Northwest Prosperity Drawing Hate Groups Out Of The Mountains

WXIX - Cinncinati/July 9, 2001

Seattle -- Hate groups and white supremacists are moving out of the backwoods and into suburbia.

Once thought to be centered in remote areas such as northern Idaho, such groups are now found just as frequently in the suburbs of Seattle and Portland, says a new report to be issued today by the Northwest Coalition for Human Dignity.

''We used to think they were mostly in eastern Washington, northern Idaho and western Montana,'' says Terre Rybovich, executive director of the coalition, which monitors hate groups in the Northwest.

It was a complete surprise to us'' to find almost two dozen such groups in areas along Interstate 5 between Seattle and Eugene, Ore., she says.

While white supremacist activity is not new here, the increased presence ''may come as a shock to people who think of us as just Birkenstocks and latte drinkers,'' says coalition research director Jonn Lunsford. With once all-white rural towns swallowed up by urban sprawl, he says, there are increased racial tensions and more groups that exploit them.

Hate groups have been identified in this region since 1973, when Richard Butler founded the Aryan Nations compound in Hayden Lake, Idaho. He issued a manifesto, The Northwest Territorial Imperative, which urged the emigration of white Christian activists to the Northwest to establish an Aryan ''national state.''

The coalition's report, Hate by State, summarizes activities by neo-Nazi, skinhead, and religious extremists in six Northwest and Rocky Mountains states.

The report makes no effort to compare hate groups in this region with those in other parts of the country. But Lunsford says, ''The Northwest has become one of the hot spots in the nation for groups active in the white supremacy movement.''

The report also expressed concern that hate groups might try to get a foothold in mainstream organizations by manipulating political issues involving Native Americans and immigrants.

Many of the racist groups mentioned in the report are small and keep a low profile. Several leaders, however, concur that the I-5 corridor is prime territory.

''It's certainly a growing area for us,'' acknowledges Matthew Hale, head of the World Church of the Creator, a white supremacist group based in East Peoria, Ill. ''If I were a member (of the coalition), I'd be concerned, too.''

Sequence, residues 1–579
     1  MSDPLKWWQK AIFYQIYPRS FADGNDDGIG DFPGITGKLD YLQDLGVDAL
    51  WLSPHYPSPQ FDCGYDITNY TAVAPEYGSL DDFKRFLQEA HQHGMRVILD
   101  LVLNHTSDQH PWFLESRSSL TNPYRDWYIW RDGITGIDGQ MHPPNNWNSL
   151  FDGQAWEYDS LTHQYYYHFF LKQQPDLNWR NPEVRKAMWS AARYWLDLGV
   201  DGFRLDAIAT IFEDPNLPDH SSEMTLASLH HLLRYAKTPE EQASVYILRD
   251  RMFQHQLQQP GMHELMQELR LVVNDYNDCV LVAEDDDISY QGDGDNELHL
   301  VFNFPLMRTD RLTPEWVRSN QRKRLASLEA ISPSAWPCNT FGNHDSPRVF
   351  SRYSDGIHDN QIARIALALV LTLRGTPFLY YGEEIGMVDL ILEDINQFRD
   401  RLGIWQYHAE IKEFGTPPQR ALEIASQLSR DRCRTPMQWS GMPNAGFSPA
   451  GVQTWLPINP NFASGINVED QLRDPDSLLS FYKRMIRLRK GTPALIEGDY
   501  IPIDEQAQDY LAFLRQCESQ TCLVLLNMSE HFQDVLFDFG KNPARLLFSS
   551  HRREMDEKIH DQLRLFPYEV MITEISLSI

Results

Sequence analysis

Melody LaRue, who runs the Sisterhood organization for Hale's church, lives quietly in the Seattle suburb of Lynnwood, and publishes national newsletters on home schooling and women's issues. Her husband, the Rev. Jason LaRue, was jailed briefly for a 1995 hate crime in Bellingham, Wash. He heads the church in Washington state. She doesn't doubt the report's conclusions. She says she sees other activists mostly at Martyr's Day, an annual gathering of white supremacists on Whidbey Island outside Seattle. The day commemorates the death of racial terrorist Robert Mathews, who died in a fiery shootout with federal officials in 1984.

However, she disputes the coalition's description of her group as violent. She notes that the church forbids violence. ''We have a few members, a tiny percentage, that are violent,'' she says. ''Like there are people who blow up abortion clinics, but you don't blame the pope.''

Tom Metzger, head of the White Aryan Resistance, headquartered in Fallbrook, Calif., says groups are drawn to Portland and Seattle ''for the same reason everybody else -- jobs, economic prosperity.''

He predicts racial discord. ''Portland is a chemical pot that is stewing,'' says Metzger, who has a $12.5 million civil judgment against him, his son and his white supremacist group for helping to incite the fatal beating of a black man in Portland in 1988. ''You're going to have major L.A.-type problems in Portland as they become more large and integrated.''

K.A. Badynski of Tacoma, Wash., a Ku Klux Klan activist named in the report, runs a Web site called ''Northwest Kinsman'' for whites moving to the Northwest. While he doesn't dispute the coalition's assertions about the I-5 corridor, he says he is not close to the other groups. ''I'm not out interacting,'' he says. ''The strategy now is decentralization.''

Some coalition critics, however, think the report is overblown. Michael Moynihan, a Portland author, says both the racists and the coalition have a vested interest in hyping the problem: The racists ''get more publicity, and this group gets more contributions.''

The stepped-up activity also has not escaped the attention of law enforcement. Assistant U.S. Attorney Okianer Christian Dark, based in Portland, says hate crimes and their perpetrators are ''a high priority'' in her office. At the urging of U.S. Attorney General Janet Reno, she says, the Oregon office has two task forces fighting hate crimes.

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